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Borrowed words/language

30 Dec 2007 Author dumbo

Let me narrate an incident whereby I had to use borrowed words and language. I made a field visit to Pema Gatshel. My vocabulary in Tsanglakha was very poor and some locals there did not know Dzongkha well. We communicated using borrowed language and words as there was no choice but to get the message through. How sad I felt to converse with our own citizen in our own country in a foreign language. Now do you want to loose what we have? What we call Bhutanese?

Whereas these days, it is not that situation but lot of Bhutanese are using borrowed words without giving a second thought.  Words frequently borrowed into bhutanese conversation are " Nga bank na goni", nga Shabji bazar joni, nga taxi na joni, nga bus na joni, tika tokchiga? chhoegi seat number gaachi mo? time tsangsonu, nga exercise tsi go bay, me di tshu jimili bay du, Me pura dom goen dey mey, nga che nang pa picnic jogey, nang paa kho gey alo gi birthday eng lo, etc. etc.

If everybody talks like that in this generation, I am afraid, in the next generation; the young kids would never know the equivalent word in Dzongkha. Sorry to mention it but even there are people in this generation who do not know the equivalent common dzongkha words. I am not talking about the newly invented words by DDC. They get surprised to hear some Dzongkha words. We can learn these newly invented words if we take interest and if we are worried about our identity.

On the other hand, we talk so much about preserving culture and spend so much money and time to preserve them not taking care of these simple but yet very important thing. 

I am very saddened to write this article for Bhutanese people are becoming very careless and using borrowed words like anything. I have been noticing group of educated bhutanese converse. They would either talk in English or if they are speaking Dzongkha then you will surely hear some foreign words mixed. It has become like a fashion and status symbol also. If talk in English, you consider yourself elite which I feel very funny.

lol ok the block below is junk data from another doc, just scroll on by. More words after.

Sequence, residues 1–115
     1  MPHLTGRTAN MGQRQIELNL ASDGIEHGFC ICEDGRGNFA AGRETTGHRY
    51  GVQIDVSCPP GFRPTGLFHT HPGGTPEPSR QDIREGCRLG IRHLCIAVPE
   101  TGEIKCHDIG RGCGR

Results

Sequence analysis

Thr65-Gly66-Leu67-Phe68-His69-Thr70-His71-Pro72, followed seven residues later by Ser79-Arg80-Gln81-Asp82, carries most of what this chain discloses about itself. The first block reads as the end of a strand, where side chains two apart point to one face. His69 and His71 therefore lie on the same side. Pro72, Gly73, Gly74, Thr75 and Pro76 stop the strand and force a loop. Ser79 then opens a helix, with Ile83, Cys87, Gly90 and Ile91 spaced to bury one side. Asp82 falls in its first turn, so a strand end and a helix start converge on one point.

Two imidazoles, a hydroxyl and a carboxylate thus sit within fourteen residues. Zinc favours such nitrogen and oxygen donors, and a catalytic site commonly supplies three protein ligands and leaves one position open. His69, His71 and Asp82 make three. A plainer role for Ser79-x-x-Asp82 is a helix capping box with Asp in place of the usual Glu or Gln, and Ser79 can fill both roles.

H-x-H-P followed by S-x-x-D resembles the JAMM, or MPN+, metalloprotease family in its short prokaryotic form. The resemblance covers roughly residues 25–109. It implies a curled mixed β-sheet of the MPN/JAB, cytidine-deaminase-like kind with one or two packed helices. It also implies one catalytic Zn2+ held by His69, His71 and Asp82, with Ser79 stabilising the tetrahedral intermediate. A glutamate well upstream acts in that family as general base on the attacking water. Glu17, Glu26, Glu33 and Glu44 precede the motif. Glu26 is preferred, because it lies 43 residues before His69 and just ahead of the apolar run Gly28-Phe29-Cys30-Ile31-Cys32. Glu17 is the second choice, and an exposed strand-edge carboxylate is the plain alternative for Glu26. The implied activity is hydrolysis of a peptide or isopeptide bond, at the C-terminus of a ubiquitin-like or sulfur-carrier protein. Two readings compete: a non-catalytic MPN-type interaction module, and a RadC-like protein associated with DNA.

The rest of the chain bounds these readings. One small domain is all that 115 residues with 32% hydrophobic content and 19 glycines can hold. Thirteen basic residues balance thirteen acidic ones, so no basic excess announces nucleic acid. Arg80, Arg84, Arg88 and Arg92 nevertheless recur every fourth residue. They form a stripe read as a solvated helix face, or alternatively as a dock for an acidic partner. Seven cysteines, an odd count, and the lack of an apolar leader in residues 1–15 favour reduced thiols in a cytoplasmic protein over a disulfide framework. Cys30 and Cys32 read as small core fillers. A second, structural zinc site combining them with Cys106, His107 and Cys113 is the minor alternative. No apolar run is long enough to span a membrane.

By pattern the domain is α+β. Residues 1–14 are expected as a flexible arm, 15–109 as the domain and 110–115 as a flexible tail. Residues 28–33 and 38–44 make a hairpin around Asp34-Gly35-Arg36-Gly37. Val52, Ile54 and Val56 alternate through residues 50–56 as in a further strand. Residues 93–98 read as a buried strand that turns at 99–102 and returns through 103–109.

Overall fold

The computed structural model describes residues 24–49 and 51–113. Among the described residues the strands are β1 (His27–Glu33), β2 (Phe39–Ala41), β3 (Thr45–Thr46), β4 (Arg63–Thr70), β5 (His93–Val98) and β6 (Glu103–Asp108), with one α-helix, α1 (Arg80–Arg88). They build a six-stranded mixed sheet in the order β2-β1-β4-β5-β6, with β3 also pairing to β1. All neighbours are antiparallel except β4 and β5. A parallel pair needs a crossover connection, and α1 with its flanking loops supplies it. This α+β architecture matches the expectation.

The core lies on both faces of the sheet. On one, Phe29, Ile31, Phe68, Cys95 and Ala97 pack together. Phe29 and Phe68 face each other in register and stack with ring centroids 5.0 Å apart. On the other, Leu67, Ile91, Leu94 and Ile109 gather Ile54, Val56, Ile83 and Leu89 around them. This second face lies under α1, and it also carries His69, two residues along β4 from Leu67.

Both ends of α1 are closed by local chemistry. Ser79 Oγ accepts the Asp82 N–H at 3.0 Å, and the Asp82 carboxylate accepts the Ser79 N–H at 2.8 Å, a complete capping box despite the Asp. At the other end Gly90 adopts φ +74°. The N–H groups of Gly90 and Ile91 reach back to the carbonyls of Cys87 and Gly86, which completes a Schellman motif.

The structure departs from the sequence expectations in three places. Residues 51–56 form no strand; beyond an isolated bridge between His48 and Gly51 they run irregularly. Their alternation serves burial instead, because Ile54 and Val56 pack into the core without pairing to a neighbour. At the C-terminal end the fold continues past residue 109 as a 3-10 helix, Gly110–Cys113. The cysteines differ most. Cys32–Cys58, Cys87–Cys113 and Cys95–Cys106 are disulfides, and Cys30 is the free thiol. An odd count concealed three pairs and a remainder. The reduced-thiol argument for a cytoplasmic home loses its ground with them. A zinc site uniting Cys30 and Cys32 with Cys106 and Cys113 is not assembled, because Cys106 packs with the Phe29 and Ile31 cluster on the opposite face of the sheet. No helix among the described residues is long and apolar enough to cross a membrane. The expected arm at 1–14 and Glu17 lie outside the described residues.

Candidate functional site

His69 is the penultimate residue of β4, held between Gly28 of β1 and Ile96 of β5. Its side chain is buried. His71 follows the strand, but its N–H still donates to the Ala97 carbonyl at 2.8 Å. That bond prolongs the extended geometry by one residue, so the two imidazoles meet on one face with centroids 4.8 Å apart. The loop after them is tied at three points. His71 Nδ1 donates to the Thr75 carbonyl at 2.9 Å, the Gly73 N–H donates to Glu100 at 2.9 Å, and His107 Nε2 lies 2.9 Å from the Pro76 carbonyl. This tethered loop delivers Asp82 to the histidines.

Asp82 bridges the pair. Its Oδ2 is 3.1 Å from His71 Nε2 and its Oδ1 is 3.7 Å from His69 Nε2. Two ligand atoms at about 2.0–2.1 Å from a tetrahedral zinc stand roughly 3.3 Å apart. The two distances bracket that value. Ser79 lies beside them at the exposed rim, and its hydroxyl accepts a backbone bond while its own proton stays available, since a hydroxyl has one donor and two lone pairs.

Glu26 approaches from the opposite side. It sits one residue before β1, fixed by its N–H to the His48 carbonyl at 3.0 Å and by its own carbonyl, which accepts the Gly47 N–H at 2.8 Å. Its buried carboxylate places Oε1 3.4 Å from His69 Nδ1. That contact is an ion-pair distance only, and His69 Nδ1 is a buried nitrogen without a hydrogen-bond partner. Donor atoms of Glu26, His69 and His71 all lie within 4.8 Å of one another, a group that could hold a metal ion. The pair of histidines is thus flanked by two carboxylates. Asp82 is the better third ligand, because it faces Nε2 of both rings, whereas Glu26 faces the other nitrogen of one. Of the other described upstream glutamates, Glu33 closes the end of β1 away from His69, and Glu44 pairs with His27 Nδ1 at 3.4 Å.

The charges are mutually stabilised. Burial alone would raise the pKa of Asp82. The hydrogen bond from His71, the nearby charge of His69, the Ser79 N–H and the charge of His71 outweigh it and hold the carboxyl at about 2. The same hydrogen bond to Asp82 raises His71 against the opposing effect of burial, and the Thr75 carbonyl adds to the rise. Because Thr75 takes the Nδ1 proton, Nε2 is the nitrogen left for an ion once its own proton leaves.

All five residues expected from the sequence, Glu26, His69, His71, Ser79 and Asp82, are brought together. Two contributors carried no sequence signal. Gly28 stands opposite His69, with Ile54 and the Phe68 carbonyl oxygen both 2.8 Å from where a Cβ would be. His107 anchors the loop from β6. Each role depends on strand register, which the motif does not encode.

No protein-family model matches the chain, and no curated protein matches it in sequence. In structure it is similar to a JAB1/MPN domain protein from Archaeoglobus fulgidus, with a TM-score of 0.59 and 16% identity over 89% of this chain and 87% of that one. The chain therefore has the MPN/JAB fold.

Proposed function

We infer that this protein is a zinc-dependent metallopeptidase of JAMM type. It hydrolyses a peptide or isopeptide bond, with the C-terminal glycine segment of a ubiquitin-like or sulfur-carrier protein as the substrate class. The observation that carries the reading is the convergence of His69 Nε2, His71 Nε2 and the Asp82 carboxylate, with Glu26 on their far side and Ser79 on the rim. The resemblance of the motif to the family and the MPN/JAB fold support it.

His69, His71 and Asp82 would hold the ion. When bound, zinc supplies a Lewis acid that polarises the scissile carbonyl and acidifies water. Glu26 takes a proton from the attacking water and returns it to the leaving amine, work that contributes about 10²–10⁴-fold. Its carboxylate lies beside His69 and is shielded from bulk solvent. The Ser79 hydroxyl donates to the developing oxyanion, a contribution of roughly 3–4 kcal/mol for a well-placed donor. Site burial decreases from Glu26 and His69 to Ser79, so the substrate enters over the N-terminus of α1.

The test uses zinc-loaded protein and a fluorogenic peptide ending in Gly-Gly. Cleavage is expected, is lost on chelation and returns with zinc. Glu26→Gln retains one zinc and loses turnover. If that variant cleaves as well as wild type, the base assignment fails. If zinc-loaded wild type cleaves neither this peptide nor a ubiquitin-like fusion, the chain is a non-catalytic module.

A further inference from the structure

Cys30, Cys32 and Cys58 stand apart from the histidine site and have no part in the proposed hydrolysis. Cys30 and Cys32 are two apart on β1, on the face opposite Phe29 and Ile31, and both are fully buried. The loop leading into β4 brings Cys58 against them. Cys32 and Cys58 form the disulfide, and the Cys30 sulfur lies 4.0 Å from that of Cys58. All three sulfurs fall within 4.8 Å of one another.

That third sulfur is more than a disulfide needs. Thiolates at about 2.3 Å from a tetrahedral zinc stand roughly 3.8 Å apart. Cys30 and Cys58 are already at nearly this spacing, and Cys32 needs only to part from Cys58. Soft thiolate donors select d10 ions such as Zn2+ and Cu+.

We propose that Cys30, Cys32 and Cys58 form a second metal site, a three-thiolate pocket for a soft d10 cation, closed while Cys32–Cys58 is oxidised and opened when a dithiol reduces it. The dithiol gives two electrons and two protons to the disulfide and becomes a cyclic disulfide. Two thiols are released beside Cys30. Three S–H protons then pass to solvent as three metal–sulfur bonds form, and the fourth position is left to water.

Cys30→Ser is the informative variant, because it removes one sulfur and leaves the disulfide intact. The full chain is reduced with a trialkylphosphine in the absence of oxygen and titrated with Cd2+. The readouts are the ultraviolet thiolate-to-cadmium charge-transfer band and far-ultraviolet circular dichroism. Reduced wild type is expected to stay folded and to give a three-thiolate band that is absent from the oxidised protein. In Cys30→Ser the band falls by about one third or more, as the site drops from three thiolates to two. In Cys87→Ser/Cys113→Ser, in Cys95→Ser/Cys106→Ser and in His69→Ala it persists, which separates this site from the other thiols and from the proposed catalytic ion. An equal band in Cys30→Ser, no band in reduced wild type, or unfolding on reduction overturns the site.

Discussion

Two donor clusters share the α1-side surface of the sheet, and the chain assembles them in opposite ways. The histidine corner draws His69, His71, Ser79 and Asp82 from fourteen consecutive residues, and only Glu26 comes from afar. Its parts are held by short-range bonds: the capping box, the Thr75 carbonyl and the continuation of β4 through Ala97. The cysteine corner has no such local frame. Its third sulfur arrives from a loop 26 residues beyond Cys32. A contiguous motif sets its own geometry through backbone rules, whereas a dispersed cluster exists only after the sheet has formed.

Therefore, I would request nopkin members and the guest readers to kindly be ambassadors to keep our language intact. Please remind others when they do use foreing language or word. Please request them and you too should take causion not to mix words. If you do not know the equivalent word in Dzongkha, ask the other person or someone who knows. There is definitely the DDC to back you up.

There may be another group of citizen who feel that it is OK to use a foreign language or borrow words. Let us know how you feel about it.  

2 responses to “Borrowed words/language”

  1. sangay tenzin says:

    Dzongkha is a hard language, meaning that there are not enough vocabularies to express what we intend to say. For example, what is the Dzongkha equivalent word for one of the most common words used “Love”? I know you would say “gha”, but it would also mean happy, excited, joyous, etc. And ya, we falter over Dzongkha whenever we speak. And in fact I would also say “Bus tika toba jogobay” and I am sure even the lamest person who doesn’t know a head and tail of English wouldn’t either say “Druel-kel Zuen-shog toba jogobay”.

     

    Its more to do with the comfort in being able to drive home the message than in losing what we have, as you say. If there are equivalent words in Dzongkha which are comfortable and understandable to use, everyone would be happy to use them. And if it is DDC’s mandate to make it possible, it is a mountain of a task! “Ambassador bewa di lakha wong hoi hoi”. Now what is the Dzongkha word for ambassador?… hehe

     

    But what we can do at best is, try to avoid the foreign words as best as we can and do away with the notion that being able to speak English is something some kind of “great” thing.

  2. Phintsho says:

    nopkin, thank you for expressing your concerns. I do acknowledge the difficulty. It can only be avoided if we live within our means. Use only words we have in Dzongkha, why do you have to look for word equivalent to love. Other thing is that, if we keep on using "Kal dren gi shog zin togba jojobay" it becomes easy. It does not sound wierd. It becomes common.

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